Despite this, “exercise can help people with long-lasting conditions cope with symptoms and improve their overall health” (Mayo Clinic, 2023) so it’s important not to let these potential risks and challenges stop you from exercising altogether. Here are a few of our rules of thumb when it comes to exercising safely and smartly with a thyroid condition:


Before starting a new exercise regimen (even with an in-home or virtual personal trainer), talking to your doctor is important. This is a general rule, but it’s particularly critical if you have an underlying condition like hyper or hypothyroidism. Your doctor can offer personalized advice based on your specific condition and health status and, in some cases, may even want to collaborate with your trainer to ensure that your exercise program aligns with your medical needs, minimizes potential risks, and maximizes the effectiveness of your workouts.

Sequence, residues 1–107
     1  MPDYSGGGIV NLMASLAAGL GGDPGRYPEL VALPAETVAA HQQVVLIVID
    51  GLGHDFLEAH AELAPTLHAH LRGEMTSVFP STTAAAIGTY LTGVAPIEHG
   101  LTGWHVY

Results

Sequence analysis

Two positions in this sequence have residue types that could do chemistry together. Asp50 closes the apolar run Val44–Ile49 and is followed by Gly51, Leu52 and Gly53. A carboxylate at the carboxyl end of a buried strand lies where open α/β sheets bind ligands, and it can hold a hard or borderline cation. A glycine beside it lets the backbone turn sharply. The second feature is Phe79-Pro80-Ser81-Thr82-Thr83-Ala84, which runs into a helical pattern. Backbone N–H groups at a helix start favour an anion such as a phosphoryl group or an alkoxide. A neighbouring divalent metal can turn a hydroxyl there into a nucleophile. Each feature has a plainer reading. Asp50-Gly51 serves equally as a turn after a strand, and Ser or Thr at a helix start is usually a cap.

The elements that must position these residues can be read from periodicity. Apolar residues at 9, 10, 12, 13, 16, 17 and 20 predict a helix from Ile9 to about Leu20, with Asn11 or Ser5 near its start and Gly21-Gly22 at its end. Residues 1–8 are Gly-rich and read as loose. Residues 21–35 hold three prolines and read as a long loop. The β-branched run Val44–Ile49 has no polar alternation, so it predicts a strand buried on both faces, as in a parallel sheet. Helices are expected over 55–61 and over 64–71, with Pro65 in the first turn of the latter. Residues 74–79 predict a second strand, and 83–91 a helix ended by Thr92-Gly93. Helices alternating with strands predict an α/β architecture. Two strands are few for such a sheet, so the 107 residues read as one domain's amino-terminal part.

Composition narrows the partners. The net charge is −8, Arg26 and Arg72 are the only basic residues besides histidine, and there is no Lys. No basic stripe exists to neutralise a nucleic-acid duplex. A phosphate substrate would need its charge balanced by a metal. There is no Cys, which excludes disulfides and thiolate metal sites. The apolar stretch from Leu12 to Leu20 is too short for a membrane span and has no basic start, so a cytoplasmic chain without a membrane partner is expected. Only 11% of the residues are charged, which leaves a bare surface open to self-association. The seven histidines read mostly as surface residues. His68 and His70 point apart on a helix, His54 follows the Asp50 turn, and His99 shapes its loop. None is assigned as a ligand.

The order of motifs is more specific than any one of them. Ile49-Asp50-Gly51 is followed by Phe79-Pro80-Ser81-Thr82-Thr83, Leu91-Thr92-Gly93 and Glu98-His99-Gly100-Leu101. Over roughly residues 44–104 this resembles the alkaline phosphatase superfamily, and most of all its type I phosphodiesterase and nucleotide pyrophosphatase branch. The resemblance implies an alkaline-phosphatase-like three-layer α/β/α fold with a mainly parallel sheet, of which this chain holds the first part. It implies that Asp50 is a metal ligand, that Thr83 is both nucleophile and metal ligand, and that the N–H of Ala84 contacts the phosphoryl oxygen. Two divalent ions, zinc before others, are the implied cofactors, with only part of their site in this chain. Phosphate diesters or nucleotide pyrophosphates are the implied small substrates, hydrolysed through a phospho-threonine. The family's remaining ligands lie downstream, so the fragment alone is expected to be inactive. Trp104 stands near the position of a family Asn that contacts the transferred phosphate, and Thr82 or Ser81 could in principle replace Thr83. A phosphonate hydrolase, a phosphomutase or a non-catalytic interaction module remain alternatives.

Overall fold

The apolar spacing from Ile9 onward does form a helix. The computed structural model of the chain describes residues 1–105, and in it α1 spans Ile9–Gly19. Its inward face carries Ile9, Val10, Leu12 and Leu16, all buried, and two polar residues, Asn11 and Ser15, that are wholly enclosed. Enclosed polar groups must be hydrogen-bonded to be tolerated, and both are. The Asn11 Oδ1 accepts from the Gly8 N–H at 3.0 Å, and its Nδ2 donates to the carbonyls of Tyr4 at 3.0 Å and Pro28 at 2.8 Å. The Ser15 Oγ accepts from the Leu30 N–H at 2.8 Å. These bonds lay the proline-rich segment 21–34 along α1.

Pay attention to how your body responds to exercise. Again, this is a general rule, but one that’s especially important when dealing with hyper or hypothyroidism. If you experience palpitations, dizziness or extreme fatigue, it may be a sign to dial back the intensity or duration of your workout. Having an in-home or virtual personal trainer guide you through your workout is a fantastic way to ensure you’re exercising safely, smartly, and effectively.